Consider all the English words based around the Greek word logos--derived words like catalog, prologue, dialogue, logogram, zoology, even blog...it's a root word with countless derivatives. Logos is to words what the substance purine is to the chemistry of life.
Purine is ubiquitous and underlies a great deal of biochemistry. It, along with the even simpler pyrimidine, are the core base pairs in DNA and RNA. Purine is also the basis for a surprising number of familiar Genußmittel--things like caffeine and theobromine (the stimulant in chocolate). The German word Genußmittel is bit like Schadenfreude and has no literal equivalent--the best translation is perhaps "means of enjoyment." Our own English word (which the French also use) is stimulant.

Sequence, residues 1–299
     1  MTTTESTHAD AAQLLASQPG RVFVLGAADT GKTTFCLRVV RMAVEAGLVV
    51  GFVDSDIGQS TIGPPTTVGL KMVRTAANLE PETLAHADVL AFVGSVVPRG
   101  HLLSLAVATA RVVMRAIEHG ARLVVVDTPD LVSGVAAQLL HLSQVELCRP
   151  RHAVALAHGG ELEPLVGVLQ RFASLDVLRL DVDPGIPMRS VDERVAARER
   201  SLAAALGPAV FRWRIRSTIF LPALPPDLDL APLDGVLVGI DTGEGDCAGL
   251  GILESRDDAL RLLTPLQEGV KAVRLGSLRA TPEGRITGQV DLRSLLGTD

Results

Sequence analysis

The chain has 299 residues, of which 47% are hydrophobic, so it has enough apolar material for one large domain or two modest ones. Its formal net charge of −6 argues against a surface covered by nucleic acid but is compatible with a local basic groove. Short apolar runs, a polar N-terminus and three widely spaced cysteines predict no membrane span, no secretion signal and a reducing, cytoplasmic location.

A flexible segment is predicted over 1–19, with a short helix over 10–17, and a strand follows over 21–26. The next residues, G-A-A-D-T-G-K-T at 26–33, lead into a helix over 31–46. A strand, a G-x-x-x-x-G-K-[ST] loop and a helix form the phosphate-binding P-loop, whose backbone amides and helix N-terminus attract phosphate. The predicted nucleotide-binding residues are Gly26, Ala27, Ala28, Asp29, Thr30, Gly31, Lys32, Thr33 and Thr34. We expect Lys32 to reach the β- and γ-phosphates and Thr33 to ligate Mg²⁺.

Of course, purines are not everything--there are also sugars, and amino acids too, which are completely different entities. Diversity. But we owe our first taste of purine, and the apt name, to a German chemist named Emil Fischer.